Descartes: Ontology or Cosmology?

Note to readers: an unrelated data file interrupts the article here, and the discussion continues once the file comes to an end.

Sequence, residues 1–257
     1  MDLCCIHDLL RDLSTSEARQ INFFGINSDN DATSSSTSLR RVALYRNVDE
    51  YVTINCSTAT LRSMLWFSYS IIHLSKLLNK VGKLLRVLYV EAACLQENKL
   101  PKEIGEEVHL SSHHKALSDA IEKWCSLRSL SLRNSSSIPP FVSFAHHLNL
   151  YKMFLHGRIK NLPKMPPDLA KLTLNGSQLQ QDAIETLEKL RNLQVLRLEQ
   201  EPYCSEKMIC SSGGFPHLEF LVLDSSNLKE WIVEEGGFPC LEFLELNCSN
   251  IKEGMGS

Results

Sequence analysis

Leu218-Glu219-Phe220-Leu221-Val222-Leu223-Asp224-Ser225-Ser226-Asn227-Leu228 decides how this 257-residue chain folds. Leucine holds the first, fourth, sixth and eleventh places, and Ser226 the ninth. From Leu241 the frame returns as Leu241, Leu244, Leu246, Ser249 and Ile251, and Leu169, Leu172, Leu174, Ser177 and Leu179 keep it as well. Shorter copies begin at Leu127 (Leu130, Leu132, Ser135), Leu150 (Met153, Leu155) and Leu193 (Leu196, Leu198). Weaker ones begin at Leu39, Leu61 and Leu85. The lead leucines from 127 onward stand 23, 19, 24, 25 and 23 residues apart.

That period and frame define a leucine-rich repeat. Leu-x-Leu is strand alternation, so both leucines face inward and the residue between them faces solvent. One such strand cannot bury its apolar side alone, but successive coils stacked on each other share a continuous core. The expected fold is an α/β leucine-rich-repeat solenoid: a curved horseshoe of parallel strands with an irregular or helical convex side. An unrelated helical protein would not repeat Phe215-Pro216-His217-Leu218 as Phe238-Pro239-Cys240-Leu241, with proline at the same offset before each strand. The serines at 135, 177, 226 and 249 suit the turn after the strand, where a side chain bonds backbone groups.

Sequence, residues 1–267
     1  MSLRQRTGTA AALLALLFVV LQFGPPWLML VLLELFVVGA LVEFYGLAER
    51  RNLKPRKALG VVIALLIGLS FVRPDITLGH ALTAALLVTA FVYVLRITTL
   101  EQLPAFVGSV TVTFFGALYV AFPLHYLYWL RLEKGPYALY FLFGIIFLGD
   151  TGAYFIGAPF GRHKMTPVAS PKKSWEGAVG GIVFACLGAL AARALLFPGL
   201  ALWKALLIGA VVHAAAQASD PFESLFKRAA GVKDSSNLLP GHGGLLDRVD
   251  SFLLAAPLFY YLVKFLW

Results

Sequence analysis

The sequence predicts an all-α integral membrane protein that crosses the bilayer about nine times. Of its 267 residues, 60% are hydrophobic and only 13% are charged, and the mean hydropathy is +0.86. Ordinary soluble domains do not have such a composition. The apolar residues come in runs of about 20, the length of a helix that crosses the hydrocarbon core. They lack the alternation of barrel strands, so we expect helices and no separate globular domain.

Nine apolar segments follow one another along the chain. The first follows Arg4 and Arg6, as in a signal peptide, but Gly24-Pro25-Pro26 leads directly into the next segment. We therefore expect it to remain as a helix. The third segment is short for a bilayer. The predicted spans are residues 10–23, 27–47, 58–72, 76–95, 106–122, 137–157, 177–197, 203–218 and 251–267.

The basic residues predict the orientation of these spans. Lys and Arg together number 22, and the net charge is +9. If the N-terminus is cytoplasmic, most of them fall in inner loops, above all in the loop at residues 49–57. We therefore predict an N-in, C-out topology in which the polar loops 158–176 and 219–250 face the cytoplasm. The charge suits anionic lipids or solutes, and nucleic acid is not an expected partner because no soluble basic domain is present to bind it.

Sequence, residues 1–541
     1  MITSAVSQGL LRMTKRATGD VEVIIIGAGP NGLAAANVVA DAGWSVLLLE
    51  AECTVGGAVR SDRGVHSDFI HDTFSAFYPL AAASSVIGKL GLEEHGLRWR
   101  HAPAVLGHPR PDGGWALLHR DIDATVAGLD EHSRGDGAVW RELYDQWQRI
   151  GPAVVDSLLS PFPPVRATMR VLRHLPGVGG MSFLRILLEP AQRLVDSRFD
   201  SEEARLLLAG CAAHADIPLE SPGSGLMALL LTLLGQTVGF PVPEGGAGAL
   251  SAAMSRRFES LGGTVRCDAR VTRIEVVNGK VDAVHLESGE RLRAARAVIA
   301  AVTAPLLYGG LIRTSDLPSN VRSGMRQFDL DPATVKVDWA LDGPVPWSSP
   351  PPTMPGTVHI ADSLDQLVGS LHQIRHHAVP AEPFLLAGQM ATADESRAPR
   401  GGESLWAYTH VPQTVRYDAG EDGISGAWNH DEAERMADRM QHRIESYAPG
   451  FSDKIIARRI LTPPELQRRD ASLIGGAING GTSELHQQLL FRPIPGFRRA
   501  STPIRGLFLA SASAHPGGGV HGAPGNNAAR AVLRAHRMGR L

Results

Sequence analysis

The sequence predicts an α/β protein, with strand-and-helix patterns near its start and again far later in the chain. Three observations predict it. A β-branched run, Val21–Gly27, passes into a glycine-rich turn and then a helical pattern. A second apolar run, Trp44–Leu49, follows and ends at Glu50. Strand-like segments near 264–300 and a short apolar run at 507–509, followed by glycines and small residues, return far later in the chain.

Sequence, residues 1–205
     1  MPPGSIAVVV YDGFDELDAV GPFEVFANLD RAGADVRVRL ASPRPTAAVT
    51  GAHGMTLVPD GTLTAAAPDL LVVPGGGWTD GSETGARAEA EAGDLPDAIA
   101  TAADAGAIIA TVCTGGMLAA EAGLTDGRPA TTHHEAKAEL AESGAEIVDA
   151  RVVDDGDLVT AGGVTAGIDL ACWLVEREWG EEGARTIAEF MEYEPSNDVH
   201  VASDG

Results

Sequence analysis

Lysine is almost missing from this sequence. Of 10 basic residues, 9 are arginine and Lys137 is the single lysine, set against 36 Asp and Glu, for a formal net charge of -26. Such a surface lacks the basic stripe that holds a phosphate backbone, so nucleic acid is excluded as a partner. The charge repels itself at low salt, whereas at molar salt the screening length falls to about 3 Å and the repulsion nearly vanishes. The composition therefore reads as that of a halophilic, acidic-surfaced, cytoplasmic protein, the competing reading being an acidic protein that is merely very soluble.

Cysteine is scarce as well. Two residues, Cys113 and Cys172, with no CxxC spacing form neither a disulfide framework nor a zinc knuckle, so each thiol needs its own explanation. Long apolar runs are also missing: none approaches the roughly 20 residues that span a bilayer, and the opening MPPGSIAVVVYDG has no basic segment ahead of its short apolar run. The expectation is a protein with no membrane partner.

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Descartes: Ontology or Cosmology?Descartes' argument for the existence of God, which he proposed in the Third Meditation, is more like the ontological argument than the cosmological argument for a number of reasons. The argument that Descartes put forth to prove the existence of God can be found in his work entitled Meditations, which was written in order to introduce the ideas of physics to religious peoples of the 17th century. Out of fear of the Inquisition, Descartes attempted to hide his scientific ideas and theories behind a veil of religion, slowly introducing religious institutions to science. Nonetheless, his ideas, no matter how hard he tried to mask them, were scientific to the core. In order to prove the existence of god, Descartes offers two proofs to his argument. Both of the arguments are simple and concise, which allows the author to achieve his goal that much easier. The first argument goes as follows:[E]xistence can no more be separated from the essence of God thancan having its three angles equal to two right angles be separated fromthe essence of a [rectilinear] triangle, or the idea of a mountain from theidea of a valley; and so there is not any less repugnance to our conceivinga God (that is, a Being supremely perfect) to whom existence is lacking),than to conceive of a mountain which has no valley. (204) (Palmer 168)In that statement, Descartes not only outlines his first argument, but also defines what God is—a Being supremely perfect. Descartes compares his argument to a geometric demonstration, stating that the mere existence of God cannot be removed from the idea of God in the exactly the same way that thefact that the sum of all three angles of a triangle equal the sum of two right angles. Though this analogy, Descartes emphasizes the incredible simplicity of the argument. He claims that God's existence is simply as obvious and self-evident as the most basic mathematical truth. The second argument, which author Donald Palmer broke down...
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